The economic decline in Zimbabwe between 2008 and 2009 escalated the unemployment rates which resulted in people like Peter Kufahakutizwi from Mafararikwa Village to resort to cross border trading. It was his only way to escape from poverty and support his family as he felt it was safer for him to indulge in such business than his wife. Getting in contact with high risk sexual networks within the cross border business calls for men who are strong and well responsible, and Peter almost found himself trapped between pleasure and family responsibilities. The 2013 gender perspective to multiple sexual partners indicated relatively high-risk behaviour on the part of male respondents than females, with only nine percent of women having two or more sexual partners compared to 19 percent of men, hence Peter was at risk too.
He used to work hard for his family until he was swept with the usual currents engulfing most of the cross border traders. When a man is cheating, it is never difficult to tell as related with most women with their cheating husbands. Peter used to physically abuse his wife and left her with little or no money to support the family. ‘’My situation was getting worse as sometimes l used to bribe the village head and police so that I wouldn’t get arrested,’’ he narrated. He hated it as he further confessed that he almost tarnished his name in the community because his violence was spreading, it was no longer domestic but he was going to the extent of inflicting violence on some of his villagers too.
Community gender norms transformation programme
IRISH AID Community Gender Norms Transformation programme trains representatives within communities to address issues of gender-based violence (GBV), HIV and harmful and cultural practises that perpetuate the abuse of women and girls. Peter was on the verge of being lost forever when the SAfAIDS IRISH Aid programme was eventually introduced in his community. It was the village head and other community members who encouraged Peter to join because they were hoping for his positive transformation.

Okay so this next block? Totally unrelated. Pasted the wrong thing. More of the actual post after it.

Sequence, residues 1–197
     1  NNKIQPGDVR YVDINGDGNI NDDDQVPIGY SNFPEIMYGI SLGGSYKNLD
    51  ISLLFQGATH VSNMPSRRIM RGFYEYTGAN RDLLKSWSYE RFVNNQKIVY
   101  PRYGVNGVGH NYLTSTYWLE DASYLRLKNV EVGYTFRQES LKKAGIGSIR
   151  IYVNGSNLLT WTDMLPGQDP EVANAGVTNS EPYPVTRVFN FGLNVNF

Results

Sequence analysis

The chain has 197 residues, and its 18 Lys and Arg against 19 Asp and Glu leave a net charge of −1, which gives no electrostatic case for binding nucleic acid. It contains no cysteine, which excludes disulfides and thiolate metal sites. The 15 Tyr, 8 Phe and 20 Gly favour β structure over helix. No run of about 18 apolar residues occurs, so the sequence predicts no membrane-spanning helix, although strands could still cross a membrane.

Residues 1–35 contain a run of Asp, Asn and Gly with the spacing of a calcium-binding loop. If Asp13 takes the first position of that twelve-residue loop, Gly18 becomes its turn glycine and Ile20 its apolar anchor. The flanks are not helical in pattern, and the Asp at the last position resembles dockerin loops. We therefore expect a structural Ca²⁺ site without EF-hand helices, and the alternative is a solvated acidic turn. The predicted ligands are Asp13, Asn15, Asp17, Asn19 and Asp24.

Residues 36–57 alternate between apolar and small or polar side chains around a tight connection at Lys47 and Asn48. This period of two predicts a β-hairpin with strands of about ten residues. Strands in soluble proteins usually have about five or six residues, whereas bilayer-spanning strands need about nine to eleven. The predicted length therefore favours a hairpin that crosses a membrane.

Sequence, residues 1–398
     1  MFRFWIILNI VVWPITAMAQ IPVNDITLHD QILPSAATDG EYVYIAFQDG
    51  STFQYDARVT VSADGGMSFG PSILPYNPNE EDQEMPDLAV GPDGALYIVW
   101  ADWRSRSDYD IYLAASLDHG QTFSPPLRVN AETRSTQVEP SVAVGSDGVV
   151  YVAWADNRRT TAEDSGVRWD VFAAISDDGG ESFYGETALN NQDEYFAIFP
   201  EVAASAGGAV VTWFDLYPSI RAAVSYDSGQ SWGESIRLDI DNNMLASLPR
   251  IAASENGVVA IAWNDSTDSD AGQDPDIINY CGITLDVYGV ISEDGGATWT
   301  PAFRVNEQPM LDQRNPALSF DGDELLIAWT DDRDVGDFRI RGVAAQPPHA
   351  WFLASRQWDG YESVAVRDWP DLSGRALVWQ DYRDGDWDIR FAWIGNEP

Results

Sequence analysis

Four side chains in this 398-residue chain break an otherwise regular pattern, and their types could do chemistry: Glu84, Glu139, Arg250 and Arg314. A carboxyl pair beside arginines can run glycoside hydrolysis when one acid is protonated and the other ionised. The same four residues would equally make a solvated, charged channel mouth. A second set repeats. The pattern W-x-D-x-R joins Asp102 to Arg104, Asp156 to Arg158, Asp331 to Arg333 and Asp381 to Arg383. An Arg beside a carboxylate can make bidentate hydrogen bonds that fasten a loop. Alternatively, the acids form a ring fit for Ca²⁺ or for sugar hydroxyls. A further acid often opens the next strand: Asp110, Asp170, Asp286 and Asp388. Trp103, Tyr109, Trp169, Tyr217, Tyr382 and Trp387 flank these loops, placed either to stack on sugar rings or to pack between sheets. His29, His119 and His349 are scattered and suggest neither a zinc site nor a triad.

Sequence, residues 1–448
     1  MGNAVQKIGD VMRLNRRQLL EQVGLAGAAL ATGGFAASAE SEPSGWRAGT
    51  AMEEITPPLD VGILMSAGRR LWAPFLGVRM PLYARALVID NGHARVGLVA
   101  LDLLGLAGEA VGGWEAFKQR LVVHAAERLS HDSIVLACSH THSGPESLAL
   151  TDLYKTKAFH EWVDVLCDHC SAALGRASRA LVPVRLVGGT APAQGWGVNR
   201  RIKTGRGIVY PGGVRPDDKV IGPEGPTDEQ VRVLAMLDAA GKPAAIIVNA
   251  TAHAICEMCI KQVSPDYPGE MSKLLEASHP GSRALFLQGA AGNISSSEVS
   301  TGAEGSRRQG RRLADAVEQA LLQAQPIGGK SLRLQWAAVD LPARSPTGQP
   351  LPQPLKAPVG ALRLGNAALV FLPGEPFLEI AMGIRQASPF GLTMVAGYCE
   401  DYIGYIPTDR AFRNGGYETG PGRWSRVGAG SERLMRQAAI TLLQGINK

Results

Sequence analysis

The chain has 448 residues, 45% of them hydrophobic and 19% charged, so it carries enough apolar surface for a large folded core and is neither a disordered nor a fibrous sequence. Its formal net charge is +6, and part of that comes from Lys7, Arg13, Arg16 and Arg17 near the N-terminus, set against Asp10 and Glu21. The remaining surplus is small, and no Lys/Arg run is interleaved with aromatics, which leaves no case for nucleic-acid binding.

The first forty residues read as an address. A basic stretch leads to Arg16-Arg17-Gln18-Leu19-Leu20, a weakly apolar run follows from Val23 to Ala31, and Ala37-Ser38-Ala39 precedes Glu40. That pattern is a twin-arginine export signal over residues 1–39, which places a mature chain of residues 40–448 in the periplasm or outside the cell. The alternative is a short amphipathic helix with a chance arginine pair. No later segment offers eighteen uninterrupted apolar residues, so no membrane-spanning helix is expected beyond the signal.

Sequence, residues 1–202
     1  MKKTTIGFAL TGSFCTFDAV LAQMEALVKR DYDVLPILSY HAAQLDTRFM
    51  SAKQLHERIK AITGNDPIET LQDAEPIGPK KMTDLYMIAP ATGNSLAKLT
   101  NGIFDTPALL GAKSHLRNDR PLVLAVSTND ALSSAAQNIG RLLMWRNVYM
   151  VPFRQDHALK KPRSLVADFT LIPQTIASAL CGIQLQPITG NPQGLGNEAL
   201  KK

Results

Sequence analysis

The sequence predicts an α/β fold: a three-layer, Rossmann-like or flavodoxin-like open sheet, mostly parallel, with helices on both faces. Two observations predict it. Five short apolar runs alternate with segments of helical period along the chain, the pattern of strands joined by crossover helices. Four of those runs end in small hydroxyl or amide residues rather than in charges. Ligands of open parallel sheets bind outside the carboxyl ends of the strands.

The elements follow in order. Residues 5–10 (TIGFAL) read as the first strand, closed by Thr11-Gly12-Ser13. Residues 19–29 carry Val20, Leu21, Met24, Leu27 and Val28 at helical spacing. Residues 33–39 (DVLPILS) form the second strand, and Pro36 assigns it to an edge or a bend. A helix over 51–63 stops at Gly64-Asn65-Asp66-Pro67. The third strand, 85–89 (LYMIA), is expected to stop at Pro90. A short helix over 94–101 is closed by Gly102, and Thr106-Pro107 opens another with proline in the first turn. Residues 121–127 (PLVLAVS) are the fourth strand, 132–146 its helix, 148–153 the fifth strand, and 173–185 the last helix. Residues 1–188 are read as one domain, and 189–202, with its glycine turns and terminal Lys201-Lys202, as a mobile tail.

“Lessons imparted on HIV and GBV became an eye opener to me, I began to regret the bad things l used to do to my family. The IRISH AID programme taught me the importance of a family and how being a good husband is like. I no longer sneak out of the house without telling my wife and family about my whereabouts. A good and a happy family is built with trust and communication.’’
My work in the community
‘’My community is surprised with my sudden transformation such that each time I call for my weekly sessions people come in their numbers. I am happy that men in my community usually come for one-on-one sessions because they have so many questions especially on personal and domestic affairs. Because DOMCCP has taught us about ISALs and pass-on projects, I have managed to implement such an idea in my community and we are embarking on an irrigation project which we are still gathering our financial resources for.’’
The SAfAIDS Irish Aid programme has greatly transformed so many families on issues of gender-based violence and promoting economic sustainability through practise of livelihood programmes. Peter has finally abandoned the cross border life and decided to be economically empowered through the ISALS and pass-on projects.